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Institutional owners may consider drastic measures as Target Corporation's (NYSE:TGT) recent US$3.2b drop adds to long-term losses

Key Insights

  • Given the large stake in the stock by institutions, Target's stock price might be vulnerable to their trading decisions

  • A total of 22 investors have a majority stake in the company with 51% ownership

  • Analyst forecasts along with ownership data serve to give a strong idea about prospects for a business

A look at the shareholders of Target Corporation (NYSE:TGT) can tell us which group is most powerful. And the group that holds the biggest piece of the pie are institutions with 82% ownership. In other words, the group stands to gain the most (or lose the most) from their investment into the company.

And so it follows that institutional investors was the group most impacted after the company's market cap fell to US$72b last week after a 4.3% drop in the share price. Needless to say, the recent loss which further adds to the one-year loss to shareholders of 27% might not go down well especially with this category of shareholders. Institutions or "liquidity providers" control large sums of money and therefore, these types of investors usually have a lot of influence over stock price movements. As a result, if the decline continues, institutional investors may be pressured to sell Target which might hurt individual investors.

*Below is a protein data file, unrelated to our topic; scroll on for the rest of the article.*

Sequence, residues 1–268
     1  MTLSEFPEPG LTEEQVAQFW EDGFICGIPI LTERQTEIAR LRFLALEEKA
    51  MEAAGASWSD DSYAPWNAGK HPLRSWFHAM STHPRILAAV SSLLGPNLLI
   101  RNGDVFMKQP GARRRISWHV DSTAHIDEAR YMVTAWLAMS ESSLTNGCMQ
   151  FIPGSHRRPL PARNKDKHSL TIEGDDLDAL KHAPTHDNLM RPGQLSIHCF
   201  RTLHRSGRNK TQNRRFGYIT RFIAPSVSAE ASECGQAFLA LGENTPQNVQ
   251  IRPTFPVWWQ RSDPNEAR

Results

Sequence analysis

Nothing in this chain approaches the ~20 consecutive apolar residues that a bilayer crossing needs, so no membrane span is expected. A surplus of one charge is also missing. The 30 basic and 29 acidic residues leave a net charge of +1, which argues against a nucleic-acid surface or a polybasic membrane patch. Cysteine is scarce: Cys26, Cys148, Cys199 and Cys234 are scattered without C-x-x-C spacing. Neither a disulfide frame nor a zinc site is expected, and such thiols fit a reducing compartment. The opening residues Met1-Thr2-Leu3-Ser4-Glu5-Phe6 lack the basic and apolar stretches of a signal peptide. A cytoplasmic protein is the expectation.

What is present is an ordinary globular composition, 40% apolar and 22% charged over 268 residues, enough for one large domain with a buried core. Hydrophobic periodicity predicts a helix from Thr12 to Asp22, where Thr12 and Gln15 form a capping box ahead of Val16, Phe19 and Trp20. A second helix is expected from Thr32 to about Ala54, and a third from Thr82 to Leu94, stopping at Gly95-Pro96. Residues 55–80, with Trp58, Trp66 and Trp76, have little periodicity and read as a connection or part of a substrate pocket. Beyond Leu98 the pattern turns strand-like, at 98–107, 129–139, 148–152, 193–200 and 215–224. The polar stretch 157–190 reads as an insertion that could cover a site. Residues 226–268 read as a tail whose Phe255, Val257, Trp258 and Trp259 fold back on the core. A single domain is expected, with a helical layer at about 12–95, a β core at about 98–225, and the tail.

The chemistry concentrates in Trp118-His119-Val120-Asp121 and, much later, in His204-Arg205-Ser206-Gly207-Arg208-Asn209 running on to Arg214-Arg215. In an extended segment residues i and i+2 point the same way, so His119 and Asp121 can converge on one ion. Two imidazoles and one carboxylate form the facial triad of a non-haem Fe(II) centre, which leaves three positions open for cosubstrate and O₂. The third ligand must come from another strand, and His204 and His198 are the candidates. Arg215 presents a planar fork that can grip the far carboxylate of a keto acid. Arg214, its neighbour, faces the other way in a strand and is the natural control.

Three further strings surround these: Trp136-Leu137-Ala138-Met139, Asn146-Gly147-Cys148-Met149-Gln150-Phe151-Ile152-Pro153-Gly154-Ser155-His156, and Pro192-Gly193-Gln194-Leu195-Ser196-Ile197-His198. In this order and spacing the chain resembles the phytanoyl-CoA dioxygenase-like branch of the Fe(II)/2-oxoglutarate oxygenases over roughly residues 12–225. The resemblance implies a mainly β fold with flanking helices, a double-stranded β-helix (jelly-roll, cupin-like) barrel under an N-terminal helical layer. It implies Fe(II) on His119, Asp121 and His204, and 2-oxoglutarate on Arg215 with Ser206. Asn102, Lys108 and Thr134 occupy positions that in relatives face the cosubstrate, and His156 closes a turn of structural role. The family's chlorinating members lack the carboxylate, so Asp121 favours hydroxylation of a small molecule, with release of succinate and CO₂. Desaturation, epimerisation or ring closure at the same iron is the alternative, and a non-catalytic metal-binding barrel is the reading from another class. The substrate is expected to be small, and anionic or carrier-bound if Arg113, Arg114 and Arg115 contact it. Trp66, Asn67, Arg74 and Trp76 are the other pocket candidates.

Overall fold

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In the chart below, we zoom in on the different ownership groups of Target.

View our latest analysis for Target

ownership-breakdown
ownership-breakdown

What Does The Institutional Ownership Tell Us About Target?

Institutional investors commonly compare their own returns to the returns of a commonly followed index. So they generally do consider buying larger companies that are included in the relevant benchmark index.

Target already has institutions on the share registry. Indeed, they own a respectable stake in the company. This can indicate that the company has a certain degree of credibility in the investment community. However, it is best to be wary of relying on the supposed validation that comes with institutional investors. They too, get it wrong sometimes. It is not uncommon to see a big share price drop if two large institutional investors try to sell out of a stock at the same time. So it is worth checking the past earnings trajectory of Target, (below). Of course, keep in mind that there are other factors to consider, too.

earnings-and-revenue-growth
earnings-and-revenue-growth

Investors should note that institutions actually own more than half the company, so they can collectively wield significant power. Target is not owned by hedge funds. The Vanguard Group, Inc. is currently the company's largest shareholder with 9.3% of shares outstanding. BlackRock, Inc. is the second largest shareholder owning 7.4% of common stock, and State Street Global Advisors, Inc. holds about 7.2% of the company stock.